Our history is a cause of celebration and reflection. It is a source of inspiration. There have been uncountable inventions, innovations, treaties, an
Our history is a cause of celebration and reflection. It is a source of inspiration. There have been uncountable inventions, innovations, treaties, and other significant events in the past and all of them have something to teach us, to inspire us to keep going and not to stop even if we fail. Start your day with a positive thought. Do something great today and we might publish it in our Daily Column in the years to come. Let us read the historical milestones of July 16:
1661: 1st banknotes in Europe are issued by Bank of Stockholm
Stockholms Banco gave the principal banknote in Europe in 1661. They were a much simpler method of making exchanges than dragging around sacks of copper and silver coins, however, be traded for metal sometime in the not too distant future. They messed more up than they were worth – such huge numbers of individuals utilized the notes and loaned them that the bank couldn’t respect demands for the credit to be moved into metal coinage. In the long run, the bank fell, and the Swedish government-dominated, and the bank’s organizer, Johan Palmstruch, was detained. His concept of banknotes anyway beyond words would arrive at its apogee in Europe with the presentation of a banknote across the outskirts – the Euro – in 2002.
1790: Congress declares the city of Washington in the District of Columbia, the permanent capital of the United States
On July 16, 1790, Congress announced the city of Washington in the District of Columbia, the capital of the United States. President George Washington charged French designer Pierre-Charles L’Enfant to make an arrangement for the city’s new look.
1862: David Farragut is 1st Rear Admiral in US Navy
David Glasgow Farragut was a flag officer of the United States Navy during the American Civil War. He was the first rare admiral of navy operations, vice admiral, and navy commander in the United States Navy. He was associated with his request at the Battle of Mobile Bay normally reworded as “Damn the torpedoes, full speed ahead” in U.S. Navy force custom.
1867: Joseph Monier patents reinforced concrete
Joseph Monier displayed his development at the Paris Exposition of 1867. He got his first patent on 16 July 1867, on iron-strengthened troughs for agriculture. He kept on finding new uses for the material, and acquired more licenses — iron-strengthened solid channels and bowls (1868); iron-fortified solid boards for building façades (1869); spans made of iron-fortified cement (1873); fortified solid pillars (1878). In 1875, the main iron-fortified solid extension at any point manufactured was built at the Castle of Chazelet. Monier was the creator.
1926: National Geographic takes 1st natural-color undersea photos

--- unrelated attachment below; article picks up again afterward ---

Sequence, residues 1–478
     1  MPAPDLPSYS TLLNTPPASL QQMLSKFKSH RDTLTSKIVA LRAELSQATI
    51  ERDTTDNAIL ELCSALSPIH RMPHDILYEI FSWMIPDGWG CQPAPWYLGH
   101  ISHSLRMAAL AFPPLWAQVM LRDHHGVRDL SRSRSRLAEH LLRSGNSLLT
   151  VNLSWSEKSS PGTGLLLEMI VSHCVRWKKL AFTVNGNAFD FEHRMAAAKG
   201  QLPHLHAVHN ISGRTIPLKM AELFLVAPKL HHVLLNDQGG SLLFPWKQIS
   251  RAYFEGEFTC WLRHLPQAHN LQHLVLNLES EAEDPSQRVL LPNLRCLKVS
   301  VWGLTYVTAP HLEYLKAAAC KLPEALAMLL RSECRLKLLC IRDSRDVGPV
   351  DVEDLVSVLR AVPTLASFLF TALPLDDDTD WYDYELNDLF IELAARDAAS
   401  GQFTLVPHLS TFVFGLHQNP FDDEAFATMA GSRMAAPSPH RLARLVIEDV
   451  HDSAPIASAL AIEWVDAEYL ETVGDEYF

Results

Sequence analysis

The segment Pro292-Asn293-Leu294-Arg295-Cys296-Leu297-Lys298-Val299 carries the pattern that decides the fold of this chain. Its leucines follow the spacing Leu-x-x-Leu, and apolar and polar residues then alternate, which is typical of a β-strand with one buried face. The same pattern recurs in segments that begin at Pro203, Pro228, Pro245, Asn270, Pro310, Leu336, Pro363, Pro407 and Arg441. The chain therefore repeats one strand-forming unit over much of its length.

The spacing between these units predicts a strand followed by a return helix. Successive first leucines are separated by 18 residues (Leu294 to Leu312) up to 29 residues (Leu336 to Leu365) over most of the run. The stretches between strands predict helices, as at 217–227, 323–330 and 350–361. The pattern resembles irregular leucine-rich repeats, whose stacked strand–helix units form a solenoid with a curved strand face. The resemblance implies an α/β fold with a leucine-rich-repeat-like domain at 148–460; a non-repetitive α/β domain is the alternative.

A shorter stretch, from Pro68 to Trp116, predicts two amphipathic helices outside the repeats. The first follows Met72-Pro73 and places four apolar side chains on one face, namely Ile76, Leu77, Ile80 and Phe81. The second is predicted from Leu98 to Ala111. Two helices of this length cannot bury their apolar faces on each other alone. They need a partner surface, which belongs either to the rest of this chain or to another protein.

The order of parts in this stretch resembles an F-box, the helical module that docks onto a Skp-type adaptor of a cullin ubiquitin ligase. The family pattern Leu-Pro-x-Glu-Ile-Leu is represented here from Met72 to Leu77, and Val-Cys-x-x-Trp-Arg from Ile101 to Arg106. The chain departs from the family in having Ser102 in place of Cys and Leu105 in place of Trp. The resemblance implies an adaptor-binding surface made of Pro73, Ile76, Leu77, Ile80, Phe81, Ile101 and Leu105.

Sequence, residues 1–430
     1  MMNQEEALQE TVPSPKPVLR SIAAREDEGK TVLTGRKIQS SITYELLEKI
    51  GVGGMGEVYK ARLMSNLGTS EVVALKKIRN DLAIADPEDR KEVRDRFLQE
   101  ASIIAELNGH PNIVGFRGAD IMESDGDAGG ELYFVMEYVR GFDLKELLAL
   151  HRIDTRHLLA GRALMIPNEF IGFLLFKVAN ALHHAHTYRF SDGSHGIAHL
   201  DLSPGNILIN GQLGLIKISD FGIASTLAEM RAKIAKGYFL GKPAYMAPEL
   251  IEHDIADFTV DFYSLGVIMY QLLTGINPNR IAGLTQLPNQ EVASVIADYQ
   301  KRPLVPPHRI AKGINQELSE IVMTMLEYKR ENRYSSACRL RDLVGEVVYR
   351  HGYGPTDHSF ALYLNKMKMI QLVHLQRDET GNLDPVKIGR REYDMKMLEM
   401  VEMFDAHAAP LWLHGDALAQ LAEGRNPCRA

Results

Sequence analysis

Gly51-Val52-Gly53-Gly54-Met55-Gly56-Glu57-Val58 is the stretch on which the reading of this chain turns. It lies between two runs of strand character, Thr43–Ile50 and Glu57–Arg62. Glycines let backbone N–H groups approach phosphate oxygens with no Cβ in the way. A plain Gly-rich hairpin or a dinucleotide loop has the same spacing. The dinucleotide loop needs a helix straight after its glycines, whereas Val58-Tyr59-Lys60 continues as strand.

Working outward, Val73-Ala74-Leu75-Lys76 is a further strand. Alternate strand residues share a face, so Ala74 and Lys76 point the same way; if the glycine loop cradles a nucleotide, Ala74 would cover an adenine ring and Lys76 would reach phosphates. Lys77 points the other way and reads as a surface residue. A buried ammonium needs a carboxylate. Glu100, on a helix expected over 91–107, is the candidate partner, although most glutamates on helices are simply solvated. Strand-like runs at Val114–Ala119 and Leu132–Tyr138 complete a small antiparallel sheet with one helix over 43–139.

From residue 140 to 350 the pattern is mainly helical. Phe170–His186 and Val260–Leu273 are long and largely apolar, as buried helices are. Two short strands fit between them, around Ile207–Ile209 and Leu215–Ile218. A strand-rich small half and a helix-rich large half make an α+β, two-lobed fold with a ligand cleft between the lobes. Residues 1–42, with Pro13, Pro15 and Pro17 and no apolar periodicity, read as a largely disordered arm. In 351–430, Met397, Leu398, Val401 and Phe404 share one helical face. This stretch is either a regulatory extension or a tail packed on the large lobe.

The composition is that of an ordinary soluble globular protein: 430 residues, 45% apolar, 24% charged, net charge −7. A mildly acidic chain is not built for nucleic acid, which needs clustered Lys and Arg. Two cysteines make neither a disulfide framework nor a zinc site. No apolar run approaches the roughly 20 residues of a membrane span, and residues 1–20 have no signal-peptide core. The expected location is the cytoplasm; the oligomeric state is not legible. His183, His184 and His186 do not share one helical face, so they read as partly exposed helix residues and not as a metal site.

The first color photo taken underwater was of hogfish, caught off the Florida Keys in 1926 by a National Geographic picture taken by Charles Martin and Dr. William Longley. Notwithstanding some unique waterproof camera lodging, the couple utilized pounds of exceptionally dangerous magnesium streak powder to enlighten the scene. The powder was really in the raft of the surface of the water. At the point when they squeezed the camera shade, it stumbled a battery on the raft, which set off a ground-breaking blast that lit up the submerged scene up to 15 feet down.
1957: US Marine Major John Glenn sets transcontinental speed record (03:28:08)
The Soviet Union had commanded the Space Race in the late 1950s and mid-1960s with two critical firsts: first satellite dispatch and first man in space. America chose to step up its game. Under President John F. Kennedy, the legislature had defined itself grandiose objectives – including a kept an eye on Moon landing later in the decade. John Glenn, the man chosen to be the principal American to circle the Earth, had been a recognized World War II military pilot and in 1957 had made the primary supersonic cross-country trip across America. On February 20, 1962, he circled the Earth multiple times onboard his Friendship 7 shuttle in just shy of five hours. After his NASA vocation finished, Glenn turned into a government official, filling in as a congressperson for Ohio from 1974 until 1999.
2004: Millennium Park, considered the first and most ambitious architectural project in the early 21st century for Chicago, is opened to the public by Mayor Richard M. Daley
Millennium Park s an open park situated on top of its network region of Chicago in Illinois worked by the Chicago Department of Cultural Affairs and overseen by MB Real Estate. The recreation center was planned to commemorate the third millennium and is an unmistakable metro community close to the city’s Lake Michigan shoreline that covers a 24.5-section of land (99,000 m2) area of northwestern Grant Park. In 2015, the recreation center turned into the area of the city’s yearly Christmas tree lighting.